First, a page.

In its ongoing effort to educate on the benefits of alternative water supplies, the District recently hosted a workshop on water reuse, which is when reclaimed water is used for a direct beneficial purpose.
“Maximizing the use of reclaimed water is critical to ensuring that future generations of Floridians have adequate water supplies to meet their needs,” said Randy Maggard, Governing Board Chair.
The workshop was an opportunity for Governing Board members and citizens to learn more information about the advancements in technology and benefits of water reuse from local and national experts.
The District has been a leader in water reuse, investing more than $435 million in 364 reclaimed water projects since 1987. On average, about 42 percent of the District’s available reclaimed water is being reused. The goal is to reach 75 percent utilization by 2040.
Part of the workshop included a discussion on direct and indirect potable reuse. Jeff Mosher, of the Water Environment and Reuse Foundation, explained the differences between indirect and direct potable reuse. Indirect potable reuse is when reclaimed water is treated and eventually returned into the natural water cycle through the environment. Where with the direct potable reuse, purified reclaimed water is put directly back into the water supply without an environmental buffer.
“It is possible to overcome the psychological barriers once [the public] has the information,” he said.
Currently, in the United States, many facilities are using indirect and one facility is using direct potable reuse. But many are studying the benefits including the City of Tampa.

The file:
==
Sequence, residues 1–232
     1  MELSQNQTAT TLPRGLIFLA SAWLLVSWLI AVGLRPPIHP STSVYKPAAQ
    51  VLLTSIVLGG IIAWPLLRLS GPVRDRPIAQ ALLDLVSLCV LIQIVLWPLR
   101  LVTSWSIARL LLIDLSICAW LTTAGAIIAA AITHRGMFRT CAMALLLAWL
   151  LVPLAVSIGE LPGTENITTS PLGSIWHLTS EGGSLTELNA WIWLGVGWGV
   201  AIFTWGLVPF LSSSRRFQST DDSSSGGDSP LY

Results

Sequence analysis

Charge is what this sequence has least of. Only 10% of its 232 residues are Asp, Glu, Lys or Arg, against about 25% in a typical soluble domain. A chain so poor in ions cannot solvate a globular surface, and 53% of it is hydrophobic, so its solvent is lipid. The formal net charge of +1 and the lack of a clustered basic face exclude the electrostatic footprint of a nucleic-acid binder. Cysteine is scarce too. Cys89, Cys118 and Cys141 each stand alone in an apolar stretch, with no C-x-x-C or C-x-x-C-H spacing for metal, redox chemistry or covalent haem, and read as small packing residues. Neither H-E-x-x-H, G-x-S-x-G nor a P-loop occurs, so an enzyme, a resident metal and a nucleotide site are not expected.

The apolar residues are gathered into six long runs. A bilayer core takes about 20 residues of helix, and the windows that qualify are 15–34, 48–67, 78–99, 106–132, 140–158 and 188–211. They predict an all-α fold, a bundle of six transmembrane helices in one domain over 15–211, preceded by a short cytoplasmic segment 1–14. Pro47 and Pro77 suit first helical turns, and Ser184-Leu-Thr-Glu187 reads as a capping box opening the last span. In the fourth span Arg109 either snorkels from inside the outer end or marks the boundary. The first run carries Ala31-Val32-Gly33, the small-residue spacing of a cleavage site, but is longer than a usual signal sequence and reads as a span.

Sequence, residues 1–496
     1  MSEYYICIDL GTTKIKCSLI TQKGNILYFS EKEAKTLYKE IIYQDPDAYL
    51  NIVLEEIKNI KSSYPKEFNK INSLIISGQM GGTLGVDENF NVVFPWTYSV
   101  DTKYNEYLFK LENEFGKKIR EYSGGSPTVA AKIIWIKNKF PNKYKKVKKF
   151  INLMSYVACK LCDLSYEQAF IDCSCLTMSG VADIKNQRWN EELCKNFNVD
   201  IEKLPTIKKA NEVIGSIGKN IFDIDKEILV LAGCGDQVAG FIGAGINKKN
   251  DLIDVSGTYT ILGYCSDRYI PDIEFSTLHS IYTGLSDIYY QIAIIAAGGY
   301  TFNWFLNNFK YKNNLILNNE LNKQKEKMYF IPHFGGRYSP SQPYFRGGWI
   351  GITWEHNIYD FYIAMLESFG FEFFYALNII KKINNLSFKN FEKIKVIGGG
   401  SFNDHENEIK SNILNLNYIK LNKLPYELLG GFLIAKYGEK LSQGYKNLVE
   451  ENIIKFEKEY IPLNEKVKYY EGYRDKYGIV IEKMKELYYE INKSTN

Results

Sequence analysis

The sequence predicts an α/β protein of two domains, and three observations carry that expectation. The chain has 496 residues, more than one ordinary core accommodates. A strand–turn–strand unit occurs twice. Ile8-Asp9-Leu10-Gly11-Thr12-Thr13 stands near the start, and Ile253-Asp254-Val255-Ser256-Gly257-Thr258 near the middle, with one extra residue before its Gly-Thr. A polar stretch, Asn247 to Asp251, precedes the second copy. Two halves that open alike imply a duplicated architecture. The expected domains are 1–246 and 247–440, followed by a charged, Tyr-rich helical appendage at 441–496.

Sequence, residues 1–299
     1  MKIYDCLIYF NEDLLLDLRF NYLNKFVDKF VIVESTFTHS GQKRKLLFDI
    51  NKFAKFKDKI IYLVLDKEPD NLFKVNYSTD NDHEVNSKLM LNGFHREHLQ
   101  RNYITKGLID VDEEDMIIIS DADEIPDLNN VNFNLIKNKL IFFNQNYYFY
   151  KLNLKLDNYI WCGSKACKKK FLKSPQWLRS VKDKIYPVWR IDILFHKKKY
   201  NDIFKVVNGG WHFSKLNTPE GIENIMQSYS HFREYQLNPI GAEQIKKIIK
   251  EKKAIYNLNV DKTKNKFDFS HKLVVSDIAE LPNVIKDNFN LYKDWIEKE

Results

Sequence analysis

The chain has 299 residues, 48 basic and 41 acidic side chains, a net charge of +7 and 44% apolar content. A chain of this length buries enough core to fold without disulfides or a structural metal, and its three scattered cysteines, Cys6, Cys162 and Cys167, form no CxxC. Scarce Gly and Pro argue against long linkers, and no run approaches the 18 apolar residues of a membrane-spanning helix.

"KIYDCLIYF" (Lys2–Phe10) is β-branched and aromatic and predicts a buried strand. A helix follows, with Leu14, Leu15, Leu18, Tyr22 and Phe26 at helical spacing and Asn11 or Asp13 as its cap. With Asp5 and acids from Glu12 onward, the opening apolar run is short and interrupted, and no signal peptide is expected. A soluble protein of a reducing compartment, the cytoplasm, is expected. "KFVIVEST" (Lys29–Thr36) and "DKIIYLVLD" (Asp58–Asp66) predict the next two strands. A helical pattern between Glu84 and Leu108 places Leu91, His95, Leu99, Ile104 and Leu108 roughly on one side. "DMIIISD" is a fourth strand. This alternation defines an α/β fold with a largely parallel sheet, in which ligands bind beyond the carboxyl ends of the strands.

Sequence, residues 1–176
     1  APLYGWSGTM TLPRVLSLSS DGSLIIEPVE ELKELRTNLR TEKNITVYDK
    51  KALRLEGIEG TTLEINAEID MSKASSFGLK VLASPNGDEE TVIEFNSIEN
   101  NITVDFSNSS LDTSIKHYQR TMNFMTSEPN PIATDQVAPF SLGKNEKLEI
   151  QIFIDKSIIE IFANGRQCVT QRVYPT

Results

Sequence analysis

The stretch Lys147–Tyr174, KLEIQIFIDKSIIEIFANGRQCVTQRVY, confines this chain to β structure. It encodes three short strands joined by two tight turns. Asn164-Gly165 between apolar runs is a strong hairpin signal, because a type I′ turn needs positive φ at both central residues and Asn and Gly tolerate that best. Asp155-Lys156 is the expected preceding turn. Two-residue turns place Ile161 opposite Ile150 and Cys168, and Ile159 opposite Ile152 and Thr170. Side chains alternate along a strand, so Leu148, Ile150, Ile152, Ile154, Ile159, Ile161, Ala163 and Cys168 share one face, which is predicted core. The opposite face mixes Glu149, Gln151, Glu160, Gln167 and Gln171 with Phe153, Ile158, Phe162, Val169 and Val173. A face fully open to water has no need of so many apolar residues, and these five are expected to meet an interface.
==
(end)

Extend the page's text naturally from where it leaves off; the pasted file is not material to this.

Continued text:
“The future of reuse is potable reuse,” said Brad Baird, Public Works administrator for the City of Tampa.
The Tampa Augmentation Project (TAP) feasibility study of potable reuse is expected to be completed in 2018.
The District’s Executive Director Brian Armstrong noted the District already has projects being constructed in the indirect potable reuse arena. Maggard mentioned the October groundbreaking on the Central Pasco County Beneficial Water Reuse Project. It aims to construct 237 acres of wetlands and deliver up to five million gallons of highly-treated reclaimed water daily to 15 wetland basins located in an area where there has been significant environmental degradation due to groundwater withdrawals.
Armstrong also noted that District partners have plans to study potential direct potable reuse projects.
“Although we haven’t received funding requests, we are potentially on the cusp of receiving those for direct potable reuse,” he said. “Hopefully, this workshop was helpful in educating and answering questions as we move forward.”